Cybergambling rakes in millions for NorthNorth Korea is operating a lucrative gambling business in cyberspace to earn hundreds of millions of dollars, circumventing the international community’s sanctions, a security expert on the reclusive communist state said Thursday.
The North’s Reconnaissance General Bureau and IT offices are earning about 1 trillion won ($864 million) annually through illicit activities in the cyberspace, including gambling businesses, said Yoo Dong-ryol, head of the Korea Institute of Liberal Democracy. Yoo made the analysis at an annual security conference jointly hosted by the military’s Defense Security Command and Defense Security Research Institute.
“The North is operating tens of hubs in China and Southeast Asia, where crackdowns are relatively weak, to earn foreign currency,” Yoo said. “It is earning about 1 trillion won a year by developing and selling illegal gambling programs, operating gambling sites using names of foreign nationals and stealing cyber money through hacking.”
Yoo, a former senior researcher at the Korean National Police University’s Police Science Institute, said illegal gambling software programs are sold for tens of million won each and upgrade fees are also high. “The North also operates illegal gambling sites by hiring locals and split the profits six to four or half-and-half,” he said. “From each hub, the North is collecting over 10 billion won on average.”
In 2014, a group of North Koreans were arrested in Cambodia for operating an illegal gambling site. At the time, the Cambodian police confiscated about 10 billion won ($8.6 million) from them.
In 2012 and 2013, South Koreans were arrested by the Seoul police on charges of operating illegal gambling sites using North Korean programs.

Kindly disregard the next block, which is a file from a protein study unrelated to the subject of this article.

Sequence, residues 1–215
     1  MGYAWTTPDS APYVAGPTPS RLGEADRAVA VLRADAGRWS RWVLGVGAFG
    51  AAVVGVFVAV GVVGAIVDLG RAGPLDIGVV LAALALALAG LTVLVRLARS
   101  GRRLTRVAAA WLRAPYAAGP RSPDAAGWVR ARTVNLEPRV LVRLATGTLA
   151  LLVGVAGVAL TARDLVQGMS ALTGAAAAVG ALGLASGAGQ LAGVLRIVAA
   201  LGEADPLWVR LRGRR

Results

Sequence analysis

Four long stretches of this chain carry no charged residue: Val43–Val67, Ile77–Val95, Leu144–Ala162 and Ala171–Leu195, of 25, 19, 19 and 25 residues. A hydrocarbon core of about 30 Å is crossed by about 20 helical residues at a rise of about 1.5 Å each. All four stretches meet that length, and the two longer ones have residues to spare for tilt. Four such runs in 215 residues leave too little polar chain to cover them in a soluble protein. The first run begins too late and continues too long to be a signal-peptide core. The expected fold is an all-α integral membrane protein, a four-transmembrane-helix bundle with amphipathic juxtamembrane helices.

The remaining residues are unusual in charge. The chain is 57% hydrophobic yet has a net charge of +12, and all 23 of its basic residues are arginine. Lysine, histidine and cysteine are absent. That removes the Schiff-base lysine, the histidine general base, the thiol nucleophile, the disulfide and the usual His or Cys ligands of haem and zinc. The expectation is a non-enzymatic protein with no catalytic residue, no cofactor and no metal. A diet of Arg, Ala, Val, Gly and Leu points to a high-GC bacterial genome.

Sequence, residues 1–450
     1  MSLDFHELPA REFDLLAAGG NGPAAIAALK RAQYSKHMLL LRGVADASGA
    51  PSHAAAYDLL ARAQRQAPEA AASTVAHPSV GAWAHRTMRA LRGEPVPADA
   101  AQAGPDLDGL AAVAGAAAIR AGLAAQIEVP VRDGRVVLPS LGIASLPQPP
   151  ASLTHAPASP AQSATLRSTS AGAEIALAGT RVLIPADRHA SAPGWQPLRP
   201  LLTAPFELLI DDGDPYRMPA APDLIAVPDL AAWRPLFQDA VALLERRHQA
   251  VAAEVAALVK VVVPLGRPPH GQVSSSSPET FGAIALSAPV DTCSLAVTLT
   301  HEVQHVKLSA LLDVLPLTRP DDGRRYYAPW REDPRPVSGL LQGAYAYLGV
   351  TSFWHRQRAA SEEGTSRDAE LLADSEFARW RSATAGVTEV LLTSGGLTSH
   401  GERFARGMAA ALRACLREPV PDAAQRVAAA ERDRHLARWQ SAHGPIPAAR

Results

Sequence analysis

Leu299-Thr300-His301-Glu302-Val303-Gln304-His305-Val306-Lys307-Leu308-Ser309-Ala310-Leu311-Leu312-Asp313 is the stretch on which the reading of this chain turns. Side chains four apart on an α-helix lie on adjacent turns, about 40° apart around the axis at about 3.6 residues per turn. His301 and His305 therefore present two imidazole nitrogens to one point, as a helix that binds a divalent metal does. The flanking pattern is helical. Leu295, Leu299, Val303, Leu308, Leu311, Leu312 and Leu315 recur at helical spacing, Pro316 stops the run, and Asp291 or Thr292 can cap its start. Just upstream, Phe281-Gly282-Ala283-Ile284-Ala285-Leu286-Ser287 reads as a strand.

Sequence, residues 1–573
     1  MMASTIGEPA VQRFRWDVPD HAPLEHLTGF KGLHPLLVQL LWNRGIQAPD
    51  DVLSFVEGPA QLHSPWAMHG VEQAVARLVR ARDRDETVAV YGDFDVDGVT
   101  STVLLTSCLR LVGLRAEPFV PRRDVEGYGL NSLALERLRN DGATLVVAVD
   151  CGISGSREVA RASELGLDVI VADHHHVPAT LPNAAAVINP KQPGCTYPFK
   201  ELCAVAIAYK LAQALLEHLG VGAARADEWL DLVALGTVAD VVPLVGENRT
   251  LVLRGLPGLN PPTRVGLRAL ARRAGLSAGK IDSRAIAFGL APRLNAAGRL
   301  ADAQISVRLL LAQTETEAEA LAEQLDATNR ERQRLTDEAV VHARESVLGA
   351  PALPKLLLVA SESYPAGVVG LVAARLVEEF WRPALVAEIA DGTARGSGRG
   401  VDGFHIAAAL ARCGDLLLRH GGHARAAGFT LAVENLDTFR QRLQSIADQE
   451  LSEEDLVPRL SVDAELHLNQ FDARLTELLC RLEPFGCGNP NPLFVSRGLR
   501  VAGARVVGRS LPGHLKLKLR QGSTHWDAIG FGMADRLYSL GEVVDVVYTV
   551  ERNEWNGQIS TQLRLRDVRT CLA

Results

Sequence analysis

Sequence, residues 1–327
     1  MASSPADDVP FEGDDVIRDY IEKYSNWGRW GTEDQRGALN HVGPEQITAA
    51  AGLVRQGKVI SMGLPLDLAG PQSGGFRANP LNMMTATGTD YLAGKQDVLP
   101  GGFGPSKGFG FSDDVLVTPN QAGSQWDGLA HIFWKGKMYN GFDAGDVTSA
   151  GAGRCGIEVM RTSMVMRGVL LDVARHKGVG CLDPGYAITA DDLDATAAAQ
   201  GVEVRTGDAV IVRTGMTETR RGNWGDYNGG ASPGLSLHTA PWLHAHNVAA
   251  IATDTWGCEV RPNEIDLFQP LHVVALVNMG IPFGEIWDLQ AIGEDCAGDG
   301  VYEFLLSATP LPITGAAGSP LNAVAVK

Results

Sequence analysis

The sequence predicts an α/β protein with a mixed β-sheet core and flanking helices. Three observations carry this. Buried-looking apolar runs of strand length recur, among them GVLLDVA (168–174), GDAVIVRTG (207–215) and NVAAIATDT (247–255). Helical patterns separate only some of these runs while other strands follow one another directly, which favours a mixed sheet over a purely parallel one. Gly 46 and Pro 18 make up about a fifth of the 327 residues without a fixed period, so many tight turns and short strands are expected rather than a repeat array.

Intelligence experts believe the country’s cyber operations units are all participating in the gambling industry.
“North Korean programs sold in the South were embedded with malicious code,” an intelligence official said. “Computers on which the gambling programs were downloaded were used as zombie computers for cyber attacks. The North is using the programs to earn money and for cyber terrorism, so we must be alert.”
Yoo said the North operates about 20 cyber operations units with 6,800 hackers. “About 800 were recently added. They are not only engaged in hacking activities, but also communicate with spies using social media and 160 pro-North Internet sites and manipulate public opinion.”
He said the North will try to expand its influence over the South through cyberspace. “We must create a cyber security law to establish the legal ground for online searches and seizures and revise the military criminal law to reinforce cyber security.”
BY JEONG YONG-SU [firstname.lastname@example.org]
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